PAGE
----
Some bits and bobs floating in he media are light-weight and can be passed over our heads without too much fuss. But some issues are not to be dismissed or fobbed off too easily.

That is why we do need investigative journalism.

By subscribing to The New York Times, I am supporting freedom of speech and independent press.

“The pen is mightier than the sword” is a famous saying by English author Edward Bulwer-Lytton, and I always support those warriors with pens who fight against tyrants!

Kaori by Kaori Okumura

Lumiere London @ King’s Cross

It was definitely that FOMO feeling which motivated me to visit the event Lumiere London 2018. I missed out on the same event in 2016 and this time, I didn’t want to be the one who was pitied by those, who made it to the spectacles, how foolish I was to skip such a fantastic do.

‘We are going to their King’s Cross venue after dark!’ I declared to Hubbie’s back while he attended a pile of emails on his iMac screen. ‘Are we?’ His response to my suggestion was rather ambivalent.

Hubbie always made it clear that he hated visiting crowded places. I, myself, was not excessively fond of overcrowded places, therefore, I understood his reluctance. However, we were living in a capital city with the population of 8.8 million and the possibility of finding any event which was not crowded would be pretty negligible. ‘Well, we will wrap up quickly if it is too crowded!’, I quipped.

We arrived at a forecourt of King’s Cross station around 7 o’clock. The square was already teeming with the people who appeared to be heading to the installations which were dotted around Granary Square…

At Battle Bridge Place, we found IFO (Identified Flying Object) by Jacques Rival…

Any well-publicised mega event, such as Lumiere London, was bound to attract large crowds, and as a result, the installation was swamped by the waves of onlookers with their cameras and smartphones. Like them, I also tried to capture the vibrant colours of the artwork but my iPhone 7 was not up for a job, the images came out all too light and flat.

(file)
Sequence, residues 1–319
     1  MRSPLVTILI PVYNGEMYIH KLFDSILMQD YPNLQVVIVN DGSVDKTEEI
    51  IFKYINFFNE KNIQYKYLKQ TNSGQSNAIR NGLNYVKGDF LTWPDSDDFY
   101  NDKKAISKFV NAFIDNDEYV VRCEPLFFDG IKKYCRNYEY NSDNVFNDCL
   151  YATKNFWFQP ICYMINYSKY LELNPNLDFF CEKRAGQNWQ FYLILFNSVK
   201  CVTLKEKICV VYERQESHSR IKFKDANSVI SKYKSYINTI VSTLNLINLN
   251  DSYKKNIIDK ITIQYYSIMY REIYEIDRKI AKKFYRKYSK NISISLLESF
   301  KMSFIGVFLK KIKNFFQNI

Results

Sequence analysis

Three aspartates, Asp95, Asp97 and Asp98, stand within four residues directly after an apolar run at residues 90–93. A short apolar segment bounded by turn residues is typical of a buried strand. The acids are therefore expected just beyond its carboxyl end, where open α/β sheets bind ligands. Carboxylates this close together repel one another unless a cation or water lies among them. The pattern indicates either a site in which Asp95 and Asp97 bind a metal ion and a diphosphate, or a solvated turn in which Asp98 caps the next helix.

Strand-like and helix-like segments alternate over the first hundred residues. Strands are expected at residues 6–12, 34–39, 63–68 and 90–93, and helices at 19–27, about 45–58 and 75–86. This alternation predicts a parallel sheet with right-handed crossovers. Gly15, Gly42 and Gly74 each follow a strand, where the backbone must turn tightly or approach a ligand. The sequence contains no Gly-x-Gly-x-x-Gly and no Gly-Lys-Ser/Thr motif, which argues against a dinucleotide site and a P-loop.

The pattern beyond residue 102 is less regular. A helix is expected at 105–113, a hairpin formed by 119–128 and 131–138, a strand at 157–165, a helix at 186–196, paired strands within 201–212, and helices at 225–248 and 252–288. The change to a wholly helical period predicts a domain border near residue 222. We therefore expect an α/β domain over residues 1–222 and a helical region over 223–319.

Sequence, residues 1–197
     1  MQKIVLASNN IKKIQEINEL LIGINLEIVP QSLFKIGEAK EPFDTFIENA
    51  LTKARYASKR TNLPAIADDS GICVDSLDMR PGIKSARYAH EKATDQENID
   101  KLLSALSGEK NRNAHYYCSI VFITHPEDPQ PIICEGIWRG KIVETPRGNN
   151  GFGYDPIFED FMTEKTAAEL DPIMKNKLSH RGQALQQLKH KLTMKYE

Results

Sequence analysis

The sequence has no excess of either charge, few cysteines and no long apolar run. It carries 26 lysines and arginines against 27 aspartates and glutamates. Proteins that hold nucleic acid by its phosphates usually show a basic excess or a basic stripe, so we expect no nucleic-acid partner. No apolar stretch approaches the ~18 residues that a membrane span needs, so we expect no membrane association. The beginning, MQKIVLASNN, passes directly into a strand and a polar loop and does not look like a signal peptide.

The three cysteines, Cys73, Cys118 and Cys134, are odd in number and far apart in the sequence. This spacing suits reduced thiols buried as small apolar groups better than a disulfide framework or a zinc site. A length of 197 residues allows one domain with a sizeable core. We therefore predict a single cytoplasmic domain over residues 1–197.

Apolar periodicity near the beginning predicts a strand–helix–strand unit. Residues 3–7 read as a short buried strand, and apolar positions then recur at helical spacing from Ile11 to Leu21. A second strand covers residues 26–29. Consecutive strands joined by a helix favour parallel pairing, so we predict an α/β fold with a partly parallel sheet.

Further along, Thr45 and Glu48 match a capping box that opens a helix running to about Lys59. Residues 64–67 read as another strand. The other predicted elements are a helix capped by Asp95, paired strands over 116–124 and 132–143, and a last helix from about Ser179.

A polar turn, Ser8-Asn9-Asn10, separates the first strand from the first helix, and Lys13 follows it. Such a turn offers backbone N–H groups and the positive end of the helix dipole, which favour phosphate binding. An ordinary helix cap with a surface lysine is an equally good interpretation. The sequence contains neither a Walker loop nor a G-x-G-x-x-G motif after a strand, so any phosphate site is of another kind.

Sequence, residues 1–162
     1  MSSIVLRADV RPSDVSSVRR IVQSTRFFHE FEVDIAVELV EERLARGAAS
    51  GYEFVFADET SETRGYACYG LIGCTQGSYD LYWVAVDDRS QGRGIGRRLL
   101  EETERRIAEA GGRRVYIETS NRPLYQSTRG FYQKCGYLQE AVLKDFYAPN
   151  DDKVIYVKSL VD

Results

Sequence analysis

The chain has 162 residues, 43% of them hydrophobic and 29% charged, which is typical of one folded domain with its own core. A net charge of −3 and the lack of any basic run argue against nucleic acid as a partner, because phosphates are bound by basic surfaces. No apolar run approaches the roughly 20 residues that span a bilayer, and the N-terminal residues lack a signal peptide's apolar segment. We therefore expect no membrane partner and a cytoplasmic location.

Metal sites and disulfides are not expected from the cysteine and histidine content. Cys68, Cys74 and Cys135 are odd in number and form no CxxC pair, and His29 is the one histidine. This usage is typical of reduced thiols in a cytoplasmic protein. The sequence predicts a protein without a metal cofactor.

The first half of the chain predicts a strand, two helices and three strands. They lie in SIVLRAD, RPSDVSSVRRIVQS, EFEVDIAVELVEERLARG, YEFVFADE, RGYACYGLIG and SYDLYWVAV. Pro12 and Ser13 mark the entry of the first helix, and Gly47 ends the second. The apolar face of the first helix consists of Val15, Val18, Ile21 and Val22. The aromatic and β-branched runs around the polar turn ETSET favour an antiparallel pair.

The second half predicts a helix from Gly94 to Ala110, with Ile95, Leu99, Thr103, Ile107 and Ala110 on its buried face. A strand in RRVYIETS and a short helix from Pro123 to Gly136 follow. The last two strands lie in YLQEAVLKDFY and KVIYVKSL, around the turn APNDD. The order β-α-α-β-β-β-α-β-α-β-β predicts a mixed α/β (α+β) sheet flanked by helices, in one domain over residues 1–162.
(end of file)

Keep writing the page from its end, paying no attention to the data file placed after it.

On King’s Boulevard, we were greeted by a row of giant office desk lamps…

The work, Lampounette, was by TILT, a French artistic studio. The desk lamps towered over us and gave us the feeling of being a doll in Polly Pocket!

While I took some snaps of the installation, Bella was held by Hubbie…

‘I have a great vantage point!’

We decided not to walk her on leash at the event. It was because the streets were too crowded and also too dark. We thought she could be easily trampled and the lead could be tripped by the pedestrians who weren’t aware of her presence.

Then, we arrived at Granary Square where a large installation, Waterlight, by Daan Roosegaarde was displayed..

 

The mid space of the entire square was filled with LED lighting which floated above our heads.

The art piece was breathtakingly beautiful…

 

There was a fog generator at the southwest corner of the square and it was pumping out the mist so the LED could illuminate the travelling mist in the air. Oh how much I long to be alone with this blue dancing haze! The beauty was ethereal.

Then, we moved on towards West Handyside Canopy and found the work, Aether, by Architecture Social Club…

 

I was really not sure if the audience needed this deafening techno music with the installation. Instead of enhancing the experience, I thought the tune was distracting and it also made the piece rather cheap and cliche. Like night clubs in Ibiza? I would have like it more if it was a silent piece.

After having a glimpse of Entre Les Rangs and Bottle Festoon, Hubbie and I opted to head home. We thought that some opportunities, such as Lumiere London, were too irresistible to pass on and that was why we went there. However, the venue was simply too crowded and we were a bit fed up with dodging the people and slow-marching in the freezing wind.

‘I just feel numb on my toes!’, I pined.

At Vinoteca King’s Cross, we bought mulled wine. The spiced wine was hot and it warmed our chilled finger tips and stomachs…

Kaori by Kaori Okumura